The cinema of Kelly Reichardt is languid and reserved. The quietude – conflict suppressed largely to characters’ internal states, rarely bubbling above the surface, and even then, never resulting in violence or raised voices – makes it easy to miss how radical they are, and Meek’s Cutoff is indeed one of the most radical American films of the post-classical era. Devoid of expansive gunfights and the frontier drama of yesteryear’s westerns, Meek’s Cutoff instead turns its eye to the virtues of femininity so often suppressed by the trappings of the western genre.
Reichardt’s film fully embodies the perspective of its women, who watch the men make decisions in long-shot, their conversation just audible on the soundtrack. Her use of the now-antiquated 1.33:1 aspect ratio mimics their sight, cut-off by their bonnets as well as their neglected position in society, while also recalling and revising classical westerns. As the camera gazes at the empty landscape, the colonial undertakings of the protagonists become increasingly explicit, building up to a remarkable understated ending.
MEMORIES OF UNDERDEVELOPMENT
Widely regarded as the best Cuban film of all time yet only occasionally screened in the U.S., we present a new restoration of Memories of Underdevelopment! Its protagonist, Sergio (Sergio Correri) is depicted in the opening scenes as happy to see off his wife and parents and friends; they are fleeing Cuba in the wake of the Bay of Pigs invasion for America. He is skeptical of the ability of the Revolution to make a real change in Cuban society, observing that it is only the latest passion for an ever-changing society.
Have A Drink On Me
Saturday, March 11, FANTASTIC MR. FOX! Round these parts, we don’t take kindly to cider poachers…so luckily, a bottle of Bean’s Alcoholic Cider is included in your ticket!
And the next week, drink along with THELMA & LOUISE, an exhilarating, full-throttle adventure hailed as one of the most iconic road movies of all time! Each ticket includes a shot of Wild Turkey, a Coke back, and a Wild Turkey mini bottle. See the film that got both actresses Oscar nominations for Best Actress.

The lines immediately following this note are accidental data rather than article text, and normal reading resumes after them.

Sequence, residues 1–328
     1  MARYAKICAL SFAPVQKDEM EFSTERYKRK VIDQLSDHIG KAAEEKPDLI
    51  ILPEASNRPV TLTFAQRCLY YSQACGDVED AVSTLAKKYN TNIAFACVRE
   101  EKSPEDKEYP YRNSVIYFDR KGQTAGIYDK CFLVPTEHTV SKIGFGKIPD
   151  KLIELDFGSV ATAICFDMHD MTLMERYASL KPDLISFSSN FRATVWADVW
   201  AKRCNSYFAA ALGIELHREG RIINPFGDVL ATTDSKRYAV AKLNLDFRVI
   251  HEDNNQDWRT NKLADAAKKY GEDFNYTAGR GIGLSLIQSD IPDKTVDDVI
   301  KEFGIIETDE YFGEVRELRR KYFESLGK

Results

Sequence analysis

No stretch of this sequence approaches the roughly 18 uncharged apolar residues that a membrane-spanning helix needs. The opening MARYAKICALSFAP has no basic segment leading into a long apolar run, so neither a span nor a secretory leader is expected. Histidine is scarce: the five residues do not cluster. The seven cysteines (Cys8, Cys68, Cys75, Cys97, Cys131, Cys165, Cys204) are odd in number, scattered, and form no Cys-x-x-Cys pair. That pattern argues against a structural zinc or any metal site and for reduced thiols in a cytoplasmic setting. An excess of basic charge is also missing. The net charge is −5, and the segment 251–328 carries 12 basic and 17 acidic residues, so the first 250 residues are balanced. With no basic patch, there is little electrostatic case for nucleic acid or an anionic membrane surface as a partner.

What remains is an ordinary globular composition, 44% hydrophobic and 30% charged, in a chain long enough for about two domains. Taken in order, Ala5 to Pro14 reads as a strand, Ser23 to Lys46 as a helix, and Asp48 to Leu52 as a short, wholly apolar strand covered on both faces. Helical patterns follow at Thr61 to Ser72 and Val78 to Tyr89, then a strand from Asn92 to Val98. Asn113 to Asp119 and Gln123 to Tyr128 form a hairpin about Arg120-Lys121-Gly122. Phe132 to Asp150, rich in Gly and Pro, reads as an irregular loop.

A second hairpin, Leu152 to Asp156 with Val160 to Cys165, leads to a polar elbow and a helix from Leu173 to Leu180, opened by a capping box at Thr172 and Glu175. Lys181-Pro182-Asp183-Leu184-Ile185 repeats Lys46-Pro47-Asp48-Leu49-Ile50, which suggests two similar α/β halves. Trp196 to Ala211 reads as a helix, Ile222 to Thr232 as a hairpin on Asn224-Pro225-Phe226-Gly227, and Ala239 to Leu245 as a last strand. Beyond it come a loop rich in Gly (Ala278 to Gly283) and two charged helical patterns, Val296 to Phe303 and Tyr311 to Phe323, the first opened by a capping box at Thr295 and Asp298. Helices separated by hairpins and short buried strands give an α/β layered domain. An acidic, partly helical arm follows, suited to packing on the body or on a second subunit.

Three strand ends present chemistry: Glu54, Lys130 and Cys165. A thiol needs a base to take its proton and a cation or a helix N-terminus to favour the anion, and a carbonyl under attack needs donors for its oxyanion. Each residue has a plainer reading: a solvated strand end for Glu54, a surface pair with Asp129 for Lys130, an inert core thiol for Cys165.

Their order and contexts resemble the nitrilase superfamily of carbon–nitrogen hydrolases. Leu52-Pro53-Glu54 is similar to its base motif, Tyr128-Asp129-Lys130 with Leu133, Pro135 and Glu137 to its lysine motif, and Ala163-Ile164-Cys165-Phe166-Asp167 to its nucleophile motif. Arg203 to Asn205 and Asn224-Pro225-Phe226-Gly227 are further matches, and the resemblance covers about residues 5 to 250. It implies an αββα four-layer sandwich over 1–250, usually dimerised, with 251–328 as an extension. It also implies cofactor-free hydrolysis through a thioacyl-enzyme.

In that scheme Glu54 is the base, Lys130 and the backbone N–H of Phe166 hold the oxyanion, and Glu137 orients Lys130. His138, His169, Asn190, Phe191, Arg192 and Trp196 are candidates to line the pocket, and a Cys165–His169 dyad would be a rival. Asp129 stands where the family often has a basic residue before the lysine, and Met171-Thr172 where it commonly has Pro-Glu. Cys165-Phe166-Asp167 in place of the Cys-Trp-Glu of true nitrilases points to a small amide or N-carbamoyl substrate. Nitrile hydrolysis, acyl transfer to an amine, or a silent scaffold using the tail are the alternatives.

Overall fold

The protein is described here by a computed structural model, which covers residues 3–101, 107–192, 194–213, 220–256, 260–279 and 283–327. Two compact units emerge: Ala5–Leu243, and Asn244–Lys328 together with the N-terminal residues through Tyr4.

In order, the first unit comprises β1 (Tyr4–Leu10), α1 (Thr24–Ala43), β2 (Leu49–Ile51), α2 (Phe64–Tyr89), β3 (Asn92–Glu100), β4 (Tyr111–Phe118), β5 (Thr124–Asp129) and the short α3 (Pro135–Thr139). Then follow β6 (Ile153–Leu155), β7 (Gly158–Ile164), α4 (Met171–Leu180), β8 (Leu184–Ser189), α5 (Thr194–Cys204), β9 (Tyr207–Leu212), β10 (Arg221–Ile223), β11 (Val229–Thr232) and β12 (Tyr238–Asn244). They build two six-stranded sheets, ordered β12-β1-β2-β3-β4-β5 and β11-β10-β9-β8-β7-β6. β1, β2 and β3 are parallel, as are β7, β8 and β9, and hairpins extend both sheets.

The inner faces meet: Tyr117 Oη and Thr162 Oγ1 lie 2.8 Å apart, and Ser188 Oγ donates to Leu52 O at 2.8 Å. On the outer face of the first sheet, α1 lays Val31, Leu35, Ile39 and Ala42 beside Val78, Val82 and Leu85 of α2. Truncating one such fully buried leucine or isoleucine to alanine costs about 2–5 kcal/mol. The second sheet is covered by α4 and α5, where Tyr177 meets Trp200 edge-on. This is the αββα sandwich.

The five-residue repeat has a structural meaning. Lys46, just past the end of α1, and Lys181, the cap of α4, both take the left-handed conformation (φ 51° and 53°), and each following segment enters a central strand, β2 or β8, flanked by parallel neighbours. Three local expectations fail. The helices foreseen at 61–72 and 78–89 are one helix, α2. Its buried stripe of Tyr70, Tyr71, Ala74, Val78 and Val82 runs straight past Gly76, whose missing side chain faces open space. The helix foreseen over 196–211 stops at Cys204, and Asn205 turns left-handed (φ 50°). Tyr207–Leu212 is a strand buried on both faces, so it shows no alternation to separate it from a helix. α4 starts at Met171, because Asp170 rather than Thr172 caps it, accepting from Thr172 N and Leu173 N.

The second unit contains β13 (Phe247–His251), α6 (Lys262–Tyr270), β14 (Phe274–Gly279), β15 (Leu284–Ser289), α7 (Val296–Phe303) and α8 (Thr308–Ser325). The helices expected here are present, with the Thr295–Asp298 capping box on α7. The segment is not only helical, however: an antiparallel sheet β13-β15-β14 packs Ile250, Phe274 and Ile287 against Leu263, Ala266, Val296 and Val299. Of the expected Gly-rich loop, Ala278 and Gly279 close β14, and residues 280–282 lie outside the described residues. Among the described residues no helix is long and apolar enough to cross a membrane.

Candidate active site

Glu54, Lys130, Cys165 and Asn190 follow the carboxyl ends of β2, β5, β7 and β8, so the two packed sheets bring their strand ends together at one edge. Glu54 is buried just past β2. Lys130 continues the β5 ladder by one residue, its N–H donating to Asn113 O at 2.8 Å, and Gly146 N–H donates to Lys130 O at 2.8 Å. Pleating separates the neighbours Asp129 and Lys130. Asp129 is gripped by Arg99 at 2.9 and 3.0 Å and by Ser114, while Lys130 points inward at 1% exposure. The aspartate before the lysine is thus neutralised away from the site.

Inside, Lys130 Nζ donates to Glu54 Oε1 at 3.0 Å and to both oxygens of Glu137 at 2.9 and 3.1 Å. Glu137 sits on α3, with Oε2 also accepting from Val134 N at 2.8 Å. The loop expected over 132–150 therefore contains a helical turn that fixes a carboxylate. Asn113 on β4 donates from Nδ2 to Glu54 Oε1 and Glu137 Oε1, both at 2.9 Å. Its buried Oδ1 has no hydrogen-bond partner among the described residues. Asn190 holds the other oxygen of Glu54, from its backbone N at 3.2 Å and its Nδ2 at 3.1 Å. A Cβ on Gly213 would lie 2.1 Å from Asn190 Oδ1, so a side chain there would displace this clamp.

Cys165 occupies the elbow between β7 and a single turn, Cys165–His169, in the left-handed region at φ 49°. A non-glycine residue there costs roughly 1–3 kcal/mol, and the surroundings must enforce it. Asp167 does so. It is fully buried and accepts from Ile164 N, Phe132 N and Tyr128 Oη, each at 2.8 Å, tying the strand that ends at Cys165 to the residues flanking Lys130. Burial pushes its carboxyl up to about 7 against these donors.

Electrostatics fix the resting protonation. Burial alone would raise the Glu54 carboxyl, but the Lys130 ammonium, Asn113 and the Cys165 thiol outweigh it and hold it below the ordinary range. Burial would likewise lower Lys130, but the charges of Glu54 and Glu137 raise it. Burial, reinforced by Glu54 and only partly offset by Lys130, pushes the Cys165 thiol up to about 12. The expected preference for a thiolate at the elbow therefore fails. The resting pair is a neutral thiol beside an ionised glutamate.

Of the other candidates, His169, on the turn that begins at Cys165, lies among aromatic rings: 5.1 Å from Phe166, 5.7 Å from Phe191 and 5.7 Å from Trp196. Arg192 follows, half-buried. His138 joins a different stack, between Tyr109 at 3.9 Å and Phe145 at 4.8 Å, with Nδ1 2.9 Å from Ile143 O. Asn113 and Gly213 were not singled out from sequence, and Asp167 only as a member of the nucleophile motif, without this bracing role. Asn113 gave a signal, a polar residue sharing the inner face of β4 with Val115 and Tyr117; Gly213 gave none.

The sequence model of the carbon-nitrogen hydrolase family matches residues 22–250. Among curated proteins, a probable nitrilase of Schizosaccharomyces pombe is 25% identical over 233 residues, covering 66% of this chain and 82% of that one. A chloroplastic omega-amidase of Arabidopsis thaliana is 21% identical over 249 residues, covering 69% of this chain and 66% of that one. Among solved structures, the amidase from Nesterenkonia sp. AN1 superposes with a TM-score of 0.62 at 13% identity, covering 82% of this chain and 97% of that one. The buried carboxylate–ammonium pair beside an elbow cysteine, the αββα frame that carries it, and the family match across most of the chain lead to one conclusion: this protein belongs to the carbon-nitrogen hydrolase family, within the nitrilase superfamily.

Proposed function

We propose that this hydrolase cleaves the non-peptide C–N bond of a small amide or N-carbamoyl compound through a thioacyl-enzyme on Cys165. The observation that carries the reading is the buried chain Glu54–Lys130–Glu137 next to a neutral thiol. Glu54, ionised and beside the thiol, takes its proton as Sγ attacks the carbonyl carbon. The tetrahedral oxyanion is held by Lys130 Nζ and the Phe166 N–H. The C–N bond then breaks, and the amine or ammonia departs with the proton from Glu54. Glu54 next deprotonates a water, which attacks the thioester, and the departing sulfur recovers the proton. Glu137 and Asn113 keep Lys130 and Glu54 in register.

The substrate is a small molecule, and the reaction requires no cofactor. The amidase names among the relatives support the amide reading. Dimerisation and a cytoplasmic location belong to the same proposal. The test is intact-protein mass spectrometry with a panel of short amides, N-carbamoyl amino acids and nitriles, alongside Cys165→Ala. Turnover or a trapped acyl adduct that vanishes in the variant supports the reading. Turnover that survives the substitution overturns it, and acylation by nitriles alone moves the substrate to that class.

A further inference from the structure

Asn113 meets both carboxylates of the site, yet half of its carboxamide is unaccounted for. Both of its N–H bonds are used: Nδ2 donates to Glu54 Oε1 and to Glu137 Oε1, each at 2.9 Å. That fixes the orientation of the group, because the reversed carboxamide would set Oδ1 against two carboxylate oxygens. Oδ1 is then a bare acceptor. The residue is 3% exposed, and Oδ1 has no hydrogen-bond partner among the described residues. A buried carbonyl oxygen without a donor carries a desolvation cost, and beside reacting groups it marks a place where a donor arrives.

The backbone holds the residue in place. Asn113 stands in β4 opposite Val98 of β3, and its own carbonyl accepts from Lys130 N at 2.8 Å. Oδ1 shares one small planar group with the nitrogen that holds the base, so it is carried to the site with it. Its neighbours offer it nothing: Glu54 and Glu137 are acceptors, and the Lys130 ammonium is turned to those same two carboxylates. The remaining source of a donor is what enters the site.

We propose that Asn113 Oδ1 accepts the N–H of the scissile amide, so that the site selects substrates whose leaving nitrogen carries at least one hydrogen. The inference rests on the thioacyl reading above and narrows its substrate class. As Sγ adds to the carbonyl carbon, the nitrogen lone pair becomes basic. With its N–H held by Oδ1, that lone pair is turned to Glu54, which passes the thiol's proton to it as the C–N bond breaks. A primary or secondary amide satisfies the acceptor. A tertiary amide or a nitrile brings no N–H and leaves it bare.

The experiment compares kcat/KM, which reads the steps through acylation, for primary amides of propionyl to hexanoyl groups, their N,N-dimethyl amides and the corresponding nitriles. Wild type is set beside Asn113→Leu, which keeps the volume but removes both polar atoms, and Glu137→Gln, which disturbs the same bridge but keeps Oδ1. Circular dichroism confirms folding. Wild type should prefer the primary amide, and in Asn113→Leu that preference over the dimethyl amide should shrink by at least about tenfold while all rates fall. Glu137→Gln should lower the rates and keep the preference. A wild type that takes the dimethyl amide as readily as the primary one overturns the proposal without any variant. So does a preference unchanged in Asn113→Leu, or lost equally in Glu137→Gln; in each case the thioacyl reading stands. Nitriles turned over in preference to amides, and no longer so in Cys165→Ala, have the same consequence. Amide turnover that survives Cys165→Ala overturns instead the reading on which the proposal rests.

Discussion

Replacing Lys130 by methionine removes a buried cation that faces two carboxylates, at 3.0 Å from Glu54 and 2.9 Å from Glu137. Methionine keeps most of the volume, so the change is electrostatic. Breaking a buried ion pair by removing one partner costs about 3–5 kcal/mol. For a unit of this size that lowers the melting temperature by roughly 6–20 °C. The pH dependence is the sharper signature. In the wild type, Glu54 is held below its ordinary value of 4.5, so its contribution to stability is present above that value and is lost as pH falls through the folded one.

Back by popular demand:
Friday, March 24: FEAR AND LOATHING IN LAS VEGAS + booze. “We were sitting in the Pogo Lounge of the Beverly Heights Hotel, in the patio section of course, drinking Singapore Slings with mescal on the side…”
Thursday, March 30: IN THE MOOD FOR LOVE with a Singapore Sling!
Friday, March 31: WITHNAIL & I drink-along (details TBA)!
Brooklyn Horror Film Festival
On March 4, Videology launches a new partnership with the Brooklyn Horror Film Festival highlighting the latest and greatest in cult horror films. The first entry: THE DEVIL’S CANDY.
The weekend’s of March 17-18 and 24-25, celebrate Quentin Tarantino’s exploitation homage epic Kill Bill by watching it with two of its primary influences! Toshiya Fujita’s Lady Snowblood is perhaps the single biggest influence on the films, with Tarantino purportedly making cast & crew watch during break. Besides sharing similar plots and protagonists, Vol. 1‘s climactic showdown at the masked party is lifted directly from the earlier film, and its use of stills and illustrations also finds form in the Japanese anime segments of Tarantino’s benefit. Francois Truffaut’s The Bride Wore Black also has detectable similarities, despite Quentin Tarantino insists he has not seen it. Most notable are the remarkably similar scenes in which the brides cross out names of victims in their notebook.
PLUS: MARIE ANTOINETTE with pastries for La Durée, DOG DAY AFTERNOON, EVE’S BAYOU, BRING IT ON, and an advance screening of AFTER THE STORM, and a screening of a PLANET EARTH episode with a live score!